“I think beating Western at home was a huge turning point for us,” he added. “And we just kept playing better and better from there. We played well enough to get ourselves ranked again and from there everything just fell into place for us.”
And just how did the Skylights manage such a miraculous turnaround?
They did it through rest, determination, and a team chemistry that few teams in the nation have going.
“Every time we had a chance to rest, coach took it,” sophomore forward Michele VanDyke said. “We took a lot of practices off and coach Mouat did everything he could do to make sure that we stayed healthy.”
Because of all the adversity, the Skylights also became a tight-knit group and that bond translated into success on the basketball court.
“That has been the best thing about this season,” sophomore forward Ashley Trulock said. “We have become so close on and off the court. Everybody plays together and when we are playing well it really shows.”
Of course, playing five of their last seven games at home didn't hurt the Skylights' cause either, nor did the fact that they ended the season with four of their five starters making the all-conference team.
“There is no doubt that playing at home down the stretch was huge for us,” Mouat said. “Our fans are the best in the conference. They are one of the many reasons why I wanted to coach here. We have great crowds and we have had tremendous support all season long.”
And on the court, the Skylights played an exciting brand of basketball all season, led by Heny, who finished second in the league in scoring at 20 points per game, and fellow senior Camille Gardner. Together they formed the best backcourt tandem in the league.
The Skylights also got tremendous post play from VanDyke, as well as the emergence of first-team all-conference post player DeLayne Johnston.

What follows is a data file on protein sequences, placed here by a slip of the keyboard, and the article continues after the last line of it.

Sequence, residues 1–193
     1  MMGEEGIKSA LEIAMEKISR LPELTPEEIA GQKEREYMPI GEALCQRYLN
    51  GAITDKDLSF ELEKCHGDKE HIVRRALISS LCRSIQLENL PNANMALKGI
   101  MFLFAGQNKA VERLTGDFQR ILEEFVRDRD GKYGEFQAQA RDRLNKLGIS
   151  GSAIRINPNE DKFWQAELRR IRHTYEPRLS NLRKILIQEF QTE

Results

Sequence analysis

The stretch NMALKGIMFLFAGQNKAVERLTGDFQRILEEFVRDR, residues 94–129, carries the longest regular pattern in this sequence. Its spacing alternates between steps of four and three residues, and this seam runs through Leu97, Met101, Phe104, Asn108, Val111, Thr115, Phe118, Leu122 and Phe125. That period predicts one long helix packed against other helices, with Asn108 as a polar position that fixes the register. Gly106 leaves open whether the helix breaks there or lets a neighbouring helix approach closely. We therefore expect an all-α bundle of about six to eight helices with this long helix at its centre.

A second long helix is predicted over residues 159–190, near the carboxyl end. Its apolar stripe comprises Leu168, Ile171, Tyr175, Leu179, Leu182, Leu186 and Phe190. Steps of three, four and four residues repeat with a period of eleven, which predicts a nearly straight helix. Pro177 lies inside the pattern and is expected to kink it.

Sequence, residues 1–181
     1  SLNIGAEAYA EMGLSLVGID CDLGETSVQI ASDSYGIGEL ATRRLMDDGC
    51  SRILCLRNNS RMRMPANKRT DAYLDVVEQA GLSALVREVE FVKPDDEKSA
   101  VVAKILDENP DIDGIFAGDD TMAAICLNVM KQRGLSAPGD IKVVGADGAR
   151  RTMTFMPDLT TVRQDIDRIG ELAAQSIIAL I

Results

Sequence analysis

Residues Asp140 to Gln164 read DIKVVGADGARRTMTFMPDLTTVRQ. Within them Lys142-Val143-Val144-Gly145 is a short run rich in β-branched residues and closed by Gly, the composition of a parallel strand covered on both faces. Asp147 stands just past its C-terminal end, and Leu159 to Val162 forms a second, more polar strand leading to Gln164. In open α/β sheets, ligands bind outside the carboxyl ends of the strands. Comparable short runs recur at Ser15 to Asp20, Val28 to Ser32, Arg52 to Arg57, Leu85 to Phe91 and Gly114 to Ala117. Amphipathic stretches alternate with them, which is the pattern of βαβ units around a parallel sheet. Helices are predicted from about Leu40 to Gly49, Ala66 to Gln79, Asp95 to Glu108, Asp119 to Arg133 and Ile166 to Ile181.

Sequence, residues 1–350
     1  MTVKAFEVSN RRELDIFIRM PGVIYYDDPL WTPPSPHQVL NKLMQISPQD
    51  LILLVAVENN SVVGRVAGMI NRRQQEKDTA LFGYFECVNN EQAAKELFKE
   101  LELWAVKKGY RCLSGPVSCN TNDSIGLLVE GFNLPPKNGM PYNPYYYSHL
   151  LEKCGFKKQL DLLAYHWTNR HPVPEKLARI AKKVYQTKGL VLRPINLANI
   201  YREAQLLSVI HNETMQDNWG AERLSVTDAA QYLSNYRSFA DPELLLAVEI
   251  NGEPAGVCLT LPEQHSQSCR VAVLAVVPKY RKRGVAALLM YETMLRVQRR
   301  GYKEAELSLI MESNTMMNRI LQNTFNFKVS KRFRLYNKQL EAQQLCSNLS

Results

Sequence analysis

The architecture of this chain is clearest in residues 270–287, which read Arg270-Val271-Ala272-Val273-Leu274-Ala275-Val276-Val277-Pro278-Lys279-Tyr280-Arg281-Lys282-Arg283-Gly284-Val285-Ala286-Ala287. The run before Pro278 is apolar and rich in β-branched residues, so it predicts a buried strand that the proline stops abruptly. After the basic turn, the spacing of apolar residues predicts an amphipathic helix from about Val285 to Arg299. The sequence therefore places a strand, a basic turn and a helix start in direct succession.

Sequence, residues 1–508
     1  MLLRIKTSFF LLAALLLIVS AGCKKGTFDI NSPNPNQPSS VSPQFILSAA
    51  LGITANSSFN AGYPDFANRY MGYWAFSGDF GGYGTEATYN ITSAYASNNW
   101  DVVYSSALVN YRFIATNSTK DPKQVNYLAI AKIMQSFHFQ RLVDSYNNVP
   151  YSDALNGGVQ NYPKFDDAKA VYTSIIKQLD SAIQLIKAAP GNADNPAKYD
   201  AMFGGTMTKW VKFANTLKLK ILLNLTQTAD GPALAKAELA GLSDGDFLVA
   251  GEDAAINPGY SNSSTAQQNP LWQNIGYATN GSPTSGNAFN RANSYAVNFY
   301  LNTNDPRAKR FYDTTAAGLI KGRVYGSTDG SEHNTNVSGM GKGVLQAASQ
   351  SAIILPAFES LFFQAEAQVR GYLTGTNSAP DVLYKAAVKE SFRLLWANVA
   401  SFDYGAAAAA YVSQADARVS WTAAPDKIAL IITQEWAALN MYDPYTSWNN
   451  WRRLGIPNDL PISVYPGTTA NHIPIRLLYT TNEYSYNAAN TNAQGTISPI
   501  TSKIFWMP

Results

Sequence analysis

But it was Northern's role players like Jena Heggem and Trulock, as well as Neesha Bravard and Mandee Carroll who allowed the Skylights not only to push on this season, but excel in the best conference in all of NAIA women's basketball.
“Everybody from our seniors on down are responsible for how well we have done this year,” Mouat said. “Everybody has contributed to our success in their own way. We have a great group of kids and we have some great players. But what is more important is that they are all great people. And it has been amazing to watch them come together like they have.”
And those great people have taken the Skylights further than anybody ever expected them to go after Nov. 14.
And just how far they can keep going remains to be seen. But what matters most is that the Skylights have already proven a lot of people and maybe even themselves wrong.
They have persevered under tremendous difficulties and they have done it for their injured teammates. All of the Skylight players have honored Searle and Griffin by wearing their numbers on their shoes all season long. They have also played on this season for their head coach and for themselves. How they do this week in Tennessee may be irrelevant no matter how badly they want to win.
“I think we have been proving people wrong all year,” Heggem said. “We aren't going into the tournament thinking that we're just happy to be there. We definitely think we have a chance to do well. But after what we have been through, we also know that basketball is just a game and that is how we have looked at it all season.
“The bonds that we have formed with each other and with our coach and all of the support we have had from the fans and the community,” she added. “That is what we are going to remember about this season. But going to the national tournament is a nice reward, too.”
The Skylights will face Oklahoma Christian University in the opening round of the 2006 NAIA national tournament at 2 p.m. Wednesday in Jackson, Tenn.